Rainhill, Lancashire Genealogy
RAINHILL, a township, in the parish and union of Prescot, hundred of West Derby, S. division of the county of Lancaster, 2 miles (S. E. by E.) from Prescot, on the road to Warrington; containing 1164 inhabitants. Rainhill was early acquired by the family of Norres, who, after some generations, became connected by marriages with the Molyneuxs. Mabel, an heiress of the latter, was married to William le Norres, who held the manor in the reign of Edward II.; and in the following reign, her nephew Roger, son of Sir Richard Molyneux, was seated here. His grand-daughter brought the property to the Lancasters, whose descendant, Richard Lancaster, died in the 30th of Henry VIII. John Lancaster, the last of the family resident at Rainhill, about 1783 sold the estate, which subsequently passed to Mr. Bretherton. The township comprises 1417 acres; the surface is elevated, and from the higher parts is one of the most extensive and beautiful views in the county, embracing Chester, the Cheshire hills, and the Welsh mountains. There are several good redstone quarries, and an iron-foundry is in operation. The Liverpool and Manchester railway has a station here. The impropriate tithes have been commuted for £165, payable to King's College, Cambridge; and the vicarial for £7. A church was built in 1838, at a cost of £1000, and enlarged in 1840, at a cost of £1000 more; it is dedicated to St. Ann, and is a cruciform structure in the Anglo-Norman style, with a tower surmounted by an open spire: the interior is very neat, with an eastern window of stained glass. The living is a perpetual curacy, with a net income of £160; patron, the Rev. James Brierley, M.A., of Mosley-Moss Hall, near Congleton, by whom the living was endowed. The Roman Catholic chapel here, dedicated to St. Bartholomew, is a beautiful structure in the Grecian style, with a gorgeous interior, and was built at a cost of £4000. Excellent schools are attached to the church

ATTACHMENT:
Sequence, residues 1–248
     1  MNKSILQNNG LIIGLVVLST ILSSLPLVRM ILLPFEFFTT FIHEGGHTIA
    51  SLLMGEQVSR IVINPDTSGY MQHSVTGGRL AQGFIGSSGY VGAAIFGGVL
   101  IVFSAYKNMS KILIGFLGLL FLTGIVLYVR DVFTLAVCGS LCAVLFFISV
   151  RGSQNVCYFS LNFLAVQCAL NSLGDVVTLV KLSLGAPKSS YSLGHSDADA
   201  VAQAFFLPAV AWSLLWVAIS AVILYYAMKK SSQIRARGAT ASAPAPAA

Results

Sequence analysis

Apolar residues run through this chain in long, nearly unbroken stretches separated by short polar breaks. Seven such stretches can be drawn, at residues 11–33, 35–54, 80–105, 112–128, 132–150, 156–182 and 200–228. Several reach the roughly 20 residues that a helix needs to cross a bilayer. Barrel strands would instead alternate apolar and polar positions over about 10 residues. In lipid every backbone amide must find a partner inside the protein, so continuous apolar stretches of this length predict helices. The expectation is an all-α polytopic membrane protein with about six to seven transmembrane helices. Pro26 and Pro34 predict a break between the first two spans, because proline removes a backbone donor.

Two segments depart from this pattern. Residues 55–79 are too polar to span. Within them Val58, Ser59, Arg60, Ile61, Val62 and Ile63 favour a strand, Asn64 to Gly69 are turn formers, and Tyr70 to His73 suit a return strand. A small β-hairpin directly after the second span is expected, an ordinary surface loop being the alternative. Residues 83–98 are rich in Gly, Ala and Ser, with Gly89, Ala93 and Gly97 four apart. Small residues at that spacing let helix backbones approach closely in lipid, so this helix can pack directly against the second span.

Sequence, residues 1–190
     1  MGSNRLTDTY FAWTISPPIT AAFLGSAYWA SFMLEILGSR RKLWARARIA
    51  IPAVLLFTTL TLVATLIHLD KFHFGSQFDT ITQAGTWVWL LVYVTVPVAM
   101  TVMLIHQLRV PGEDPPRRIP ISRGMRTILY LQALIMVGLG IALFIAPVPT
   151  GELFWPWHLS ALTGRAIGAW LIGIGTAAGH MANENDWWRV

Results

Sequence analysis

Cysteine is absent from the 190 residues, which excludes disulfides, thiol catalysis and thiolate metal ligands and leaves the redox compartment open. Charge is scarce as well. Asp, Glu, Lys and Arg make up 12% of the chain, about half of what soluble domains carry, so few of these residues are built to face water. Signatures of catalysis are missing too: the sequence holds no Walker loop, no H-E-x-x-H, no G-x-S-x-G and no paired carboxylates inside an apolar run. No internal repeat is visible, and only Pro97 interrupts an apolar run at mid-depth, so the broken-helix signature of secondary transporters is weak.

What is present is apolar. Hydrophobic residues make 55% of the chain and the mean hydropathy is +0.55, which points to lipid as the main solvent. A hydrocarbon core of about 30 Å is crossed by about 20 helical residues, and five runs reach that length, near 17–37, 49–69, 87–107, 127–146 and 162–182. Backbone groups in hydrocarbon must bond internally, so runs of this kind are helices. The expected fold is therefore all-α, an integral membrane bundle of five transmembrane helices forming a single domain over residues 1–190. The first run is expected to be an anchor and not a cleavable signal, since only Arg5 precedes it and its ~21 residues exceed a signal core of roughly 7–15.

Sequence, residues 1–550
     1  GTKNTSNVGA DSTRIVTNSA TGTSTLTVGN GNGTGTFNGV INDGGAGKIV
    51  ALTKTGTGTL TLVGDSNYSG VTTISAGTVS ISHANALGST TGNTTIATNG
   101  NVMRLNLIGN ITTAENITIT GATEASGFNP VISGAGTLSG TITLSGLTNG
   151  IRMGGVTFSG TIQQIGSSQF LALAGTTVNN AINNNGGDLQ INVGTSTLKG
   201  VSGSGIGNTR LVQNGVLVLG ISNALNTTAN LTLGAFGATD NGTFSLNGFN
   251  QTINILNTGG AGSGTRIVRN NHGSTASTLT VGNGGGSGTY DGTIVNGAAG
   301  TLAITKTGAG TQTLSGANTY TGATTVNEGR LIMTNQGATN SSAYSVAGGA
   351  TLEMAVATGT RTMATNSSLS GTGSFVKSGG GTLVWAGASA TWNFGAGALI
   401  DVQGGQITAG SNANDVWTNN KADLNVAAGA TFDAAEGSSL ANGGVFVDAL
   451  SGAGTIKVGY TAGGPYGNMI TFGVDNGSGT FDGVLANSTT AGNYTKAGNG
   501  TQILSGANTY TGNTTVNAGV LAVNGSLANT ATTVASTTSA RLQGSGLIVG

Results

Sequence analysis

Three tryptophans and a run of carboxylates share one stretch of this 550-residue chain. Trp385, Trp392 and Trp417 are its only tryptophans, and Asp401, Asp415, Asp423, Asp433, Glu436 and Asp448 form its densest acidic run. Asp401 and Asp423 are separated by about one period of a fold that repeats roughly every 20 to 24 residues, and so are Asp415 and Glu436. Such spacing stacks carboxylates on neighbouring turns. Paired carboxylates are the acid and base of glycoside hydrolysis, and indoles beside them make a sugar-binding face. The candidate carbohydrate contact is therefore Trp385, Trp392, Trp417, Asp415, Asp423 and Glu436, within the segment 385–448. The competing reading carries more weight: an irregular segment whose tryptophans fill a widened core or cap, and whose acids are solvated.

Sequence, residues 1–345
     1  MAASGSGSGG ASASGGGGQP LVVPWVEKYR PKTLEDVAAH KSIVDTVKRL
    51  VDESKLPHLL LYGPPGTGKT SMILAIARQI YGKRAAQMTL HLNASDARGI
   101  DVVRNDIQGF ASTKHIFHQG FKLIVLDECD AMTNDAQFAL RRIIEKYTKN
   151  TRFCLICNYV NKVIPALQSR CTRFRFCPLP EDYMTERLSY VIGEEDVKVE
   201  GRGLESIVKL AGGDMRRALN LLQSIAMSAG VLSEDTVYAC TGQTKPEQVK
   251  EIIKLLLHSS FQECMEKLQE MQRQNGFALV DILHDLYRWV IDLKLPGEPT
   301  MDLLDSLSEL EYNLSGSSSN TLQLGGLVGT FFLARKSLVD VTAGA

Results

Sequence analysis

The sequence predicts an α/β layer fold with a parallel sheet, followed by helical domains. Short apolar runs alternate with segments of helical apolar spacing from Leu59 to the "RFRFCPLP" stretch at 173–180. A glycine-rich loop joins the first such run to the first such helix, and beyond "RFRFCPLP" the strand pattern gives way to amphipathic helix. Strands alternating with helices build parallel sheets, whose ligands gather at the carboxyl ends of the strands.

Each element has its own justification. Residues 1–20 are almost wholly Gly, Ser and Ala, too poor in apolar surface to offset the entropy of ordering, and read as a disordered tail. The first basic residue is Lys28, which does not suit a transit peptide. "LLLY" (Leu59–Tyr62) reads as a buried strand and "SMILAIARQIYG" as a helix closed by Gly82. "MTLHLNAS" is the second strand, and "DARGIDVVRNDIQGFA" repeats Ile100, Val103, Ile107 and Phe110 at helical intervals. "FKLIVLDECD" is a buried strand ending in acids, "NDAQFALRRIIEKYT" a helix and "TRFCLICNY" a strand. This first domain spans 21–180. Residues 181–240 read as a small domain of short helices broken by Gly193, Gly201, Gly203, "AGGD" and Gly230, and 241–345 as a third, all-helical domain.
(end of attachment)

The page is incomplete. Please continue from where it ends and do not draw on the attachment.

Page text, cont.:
From: A Topographical Dictionary of England by Samuel Lewis (1848), pp. 630-633. URL: http://www.british-history.ac.uk/report.aspx?compid=51229 Date accessed: 20 July 2010.
Birth, marriages and deaths were kept by the government, from July 1837 to the present day. The civil registration article tells more about these records. There are several Internet sites with name lists or indexes. A popular site is FreeBMD.
Include here information for parish registers, Bishop’s Transcripts and other types of church records, such as parish chest records. Add the contact information for the office holding the original records. Add links to the Family History Library Catalog showing the film numbers in their collection
| This section requires expansion with:
any unique information, such as the census for X year was destroyed.
Records of wills, administrations, inventories, indexes, etc. were filed by the court with jurisdiction over this parish. Go to Lancashire Probate Records to find the name of the court having primary jurisdiction. Scroll down in the article to the section Court Jurisdictions by Parish.
Maps and Gazetteers
Maps are a visual look at the locations in England. Gazetteers contain brief summaries about a place.
Add any relevant sites that aren’t mentioned above.